It’s the the final stretch of 2013, and you might be already be thinking about New Year’s resolutions. And if you’re a marketer or an entrepreneur, you’re certainly thinking about how you’re going to do business in 2014 — new markets you’re going to crack in to, new campaigns you’re going to launch, new partnerships you’re going to strike up. In fact, you’ve probably already forgotten about 2013, and have had your eye (almost) exclusively on the future for some weeks now.
Maybe you plan to step up your ecommerce game, maybe you’re going to break 10K followers on Twitter, maybe you’re finally going to rank #1 on Google for “buy acai berry online”. Whatever your goals, no matter how silly or sensible, you’ve probably drawn a roadmap to get there.
The problem with drawing roadmaps, however, is that we often leave out the routes we haven’t travelled. Well, here are 4 roads on the digital marketing landscape that are often overlooked by those who haven’t travelled them before and, depending on where you’re trying to go, can be time-saving short cuts.
With marketers already spending over 25% of their budget on content marketing and 78% of CMOs believing in branded content being the future of marketing, content marketing is poised to blow up (even more) in 2014. And as any content marketer will tell you, just because you build (or create) it, doesn’t mean that they’ll (users) will come. Indeed, with so many marketers investing in content, the competition for users’ attention (and eyeballs) has never been higher.
Not surprisingly, marketers are relying more on more on sponsored social posts to seed their content. From Sponsored Stories on Facebook to Sponsored Tweets, having a social ad budget is as much of a part of a content strategy as the budget you invest in content creation and community outreach/management.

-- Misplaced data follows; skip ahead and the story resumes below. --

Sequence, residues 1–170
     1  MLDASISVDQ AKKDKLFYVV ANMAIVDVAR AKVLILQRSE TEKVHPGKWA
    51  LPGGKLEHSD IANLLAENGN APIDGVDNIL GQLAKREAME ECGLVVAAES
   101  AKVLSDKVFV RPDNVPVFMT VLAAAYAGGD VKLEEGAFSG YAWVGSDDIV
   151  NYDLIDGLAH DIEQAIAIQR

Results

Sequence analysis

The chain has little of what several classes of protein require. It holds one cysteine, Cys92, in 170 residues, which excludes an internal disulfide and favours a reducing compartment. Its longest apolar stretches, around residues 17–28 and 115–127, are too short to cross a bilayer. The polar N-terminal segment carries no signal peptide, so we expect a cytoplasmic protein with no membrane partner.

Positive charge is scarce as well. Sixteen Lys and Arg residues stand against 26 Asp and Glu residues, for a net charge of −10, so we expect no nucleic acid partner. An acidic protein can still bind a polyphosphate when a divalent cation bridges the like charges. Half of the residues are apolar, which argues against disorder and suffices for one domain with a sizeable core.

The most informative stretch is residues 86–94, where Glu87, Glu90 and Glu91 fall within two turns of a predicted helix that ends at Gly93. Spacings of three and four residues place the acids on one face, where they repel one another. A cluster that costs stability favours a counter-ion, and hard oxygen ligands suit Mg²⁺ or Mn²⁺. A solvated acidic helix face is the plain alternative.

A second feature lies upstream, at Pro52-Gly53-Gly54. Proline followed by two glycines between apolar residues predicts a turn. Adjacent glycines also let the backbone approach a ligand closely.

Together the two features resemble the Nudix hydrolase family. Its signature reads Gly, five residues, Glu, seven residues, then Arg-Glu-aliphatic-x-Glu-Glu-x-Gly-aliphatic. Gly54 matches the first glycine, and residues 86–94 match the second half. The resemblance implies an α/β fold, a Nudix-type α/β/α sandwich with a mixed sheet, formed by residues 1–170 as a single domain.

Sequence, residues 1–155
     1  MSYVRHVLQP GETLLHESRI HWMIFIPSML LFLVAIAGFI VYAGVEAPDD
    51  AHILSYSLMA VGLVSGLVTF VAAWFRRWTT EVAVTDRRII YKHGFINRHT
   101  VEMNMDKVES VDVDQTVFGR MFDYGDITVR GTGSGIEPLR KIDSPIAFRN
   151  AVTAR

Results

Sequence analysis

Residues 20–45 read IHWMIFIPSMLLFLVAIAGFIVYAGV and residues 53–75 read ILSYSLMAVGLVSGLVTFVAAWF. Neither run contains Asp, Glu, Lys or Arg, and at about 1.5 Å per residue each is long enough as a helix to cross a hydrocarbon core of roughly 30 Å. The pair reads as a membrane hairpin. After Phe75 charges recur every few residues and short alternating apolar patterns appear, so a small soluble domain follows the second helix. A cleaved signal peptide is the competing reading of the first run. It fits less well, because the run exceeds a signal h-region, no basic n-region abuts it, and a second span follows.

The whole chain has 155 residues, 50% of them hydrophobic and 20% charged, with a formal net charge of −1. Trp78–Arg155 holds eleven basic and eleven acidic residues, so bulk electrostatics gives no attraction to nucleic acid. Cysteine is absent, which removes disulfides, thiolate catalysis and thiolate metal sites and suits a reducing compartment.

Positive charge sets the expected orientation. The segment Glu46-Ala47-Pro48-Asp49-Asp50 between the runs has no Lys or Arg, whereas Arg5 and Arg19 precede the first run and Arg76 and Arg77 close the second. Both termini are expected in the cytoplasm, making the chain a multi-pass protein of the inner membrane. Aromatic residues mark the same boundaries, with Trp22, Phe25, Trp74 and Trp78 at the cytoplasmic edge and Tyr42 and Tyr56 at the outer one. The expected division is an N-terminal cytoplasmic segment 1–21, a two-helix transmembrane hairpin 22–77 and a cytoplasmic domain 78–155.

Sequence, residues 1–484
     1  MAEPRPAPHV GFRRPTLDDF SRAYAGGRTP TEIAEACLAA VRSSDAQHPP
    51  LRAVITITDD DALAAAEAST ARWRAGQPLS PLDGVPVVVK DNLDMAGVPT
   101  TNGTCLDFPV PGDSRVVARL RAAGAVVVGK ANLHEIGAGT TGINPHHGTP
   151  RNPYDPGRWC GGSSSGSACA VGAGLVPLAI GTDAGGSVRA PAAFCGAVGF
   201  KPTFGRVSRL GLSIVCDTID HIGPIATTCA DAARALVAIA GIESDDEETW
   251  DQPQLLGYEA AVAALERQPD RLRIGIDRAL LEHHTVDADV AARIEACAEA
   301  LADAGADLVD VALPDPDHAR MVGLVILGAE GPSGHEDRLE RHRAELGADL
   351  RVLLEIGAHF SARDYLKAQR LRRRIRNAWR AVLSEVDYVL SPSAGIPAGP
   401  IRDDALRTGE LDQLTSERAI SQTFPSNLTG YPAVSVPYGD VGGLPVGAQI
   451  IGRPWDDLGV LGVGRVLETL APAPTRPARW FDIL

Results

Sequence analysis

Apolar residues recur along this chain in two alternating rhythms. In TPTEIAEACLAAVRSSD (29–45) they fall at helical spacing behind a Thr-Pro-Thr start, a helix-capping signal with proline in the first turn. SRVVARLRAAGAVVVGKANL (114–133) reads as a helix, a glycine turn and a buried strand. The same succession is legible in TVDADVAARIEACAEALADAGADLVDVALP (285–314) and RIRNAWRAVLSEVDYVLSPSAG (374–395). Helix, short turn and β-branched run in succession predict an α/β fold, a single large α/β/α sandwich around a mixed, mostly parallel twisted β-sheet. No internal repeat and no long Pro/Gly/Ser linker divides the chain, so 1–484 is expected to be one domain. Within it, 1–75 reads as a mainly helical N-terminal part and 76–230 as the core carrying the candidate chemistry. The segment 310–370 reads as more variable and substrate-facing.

But have you looked beyond the first-tier social networks? Have you considered the markets and audiences that exist beyond your users’/followers’ current social graph? Such as the niche-interest communities that are already extremely active on other social networks?
There are social networks out there that are primarily content driven, meaning that there are entire communities out there already looking for your content; you just have to reach out to them. Specifically, I’m thinking about SumbleUpon and Tumblr.
While SumbleUpon has for years allows marketers to promote their content to users based on interest, Tumblr launched their ad platform just last year. And while these communities might not always represent your target market, that doesn’t mean they’re not going to love your content (provided that it doesn’t suck), and Stumble and Tumbl it all over the web. The social signals generated by these users, moreover, will not only boost your SEO, but help you reach new customers that you might not have reach via Twitter or Facebook.
You know that saying “Fall down seven times, get up eight”? Well, how about applying that to your online ad buys? After all, just because you didn’t make the sale on the first visit, that doesn’t mean that that user still isn’t a targeted, qualified lead. And just because a user purchased once, that doesn’t mean they won’t buy again; in fact, they might be even more likely to buy again.
First, you have the users who abandoned their shopping cart. If they got that far down the conversion funnel but didn’t complete the transaction, there’s a probably a good chance that they were dissuaded by unanticipated shipping costs, so consider retargeting them with ads offering discounted or free shipping.
Then, you have those users who have visited your site, but didn’t make it all the way to check-out before bouncing. In this case, one of two things have happened: (1) these users were targeted users who were still just shopping around for products/services similar to what you offer, or (2) your pricing might have been too high for them. Here, you can retarget your ads at these user to either remind them that you still offer what they’re looking for, or to offer them a discount on the kind of items they viewed on your site.
Finally, you have users who’ve already purchased something from your site. You’ve already won their trust an they’ve already demonstrated a willingness to shop with you. So leverage that trust by retargeting them with ads for similar and/or related products/services, such as accessories to whatever they’ve already purchased.
Through ad retargeting, not only can you win over users who you’ve lost some point along the way (i.e. conversion funnel), but you can also win back users who’ve already shopped with you. In other words, don’t be so quick to give up on a sale just because you didn’t close it the first time around.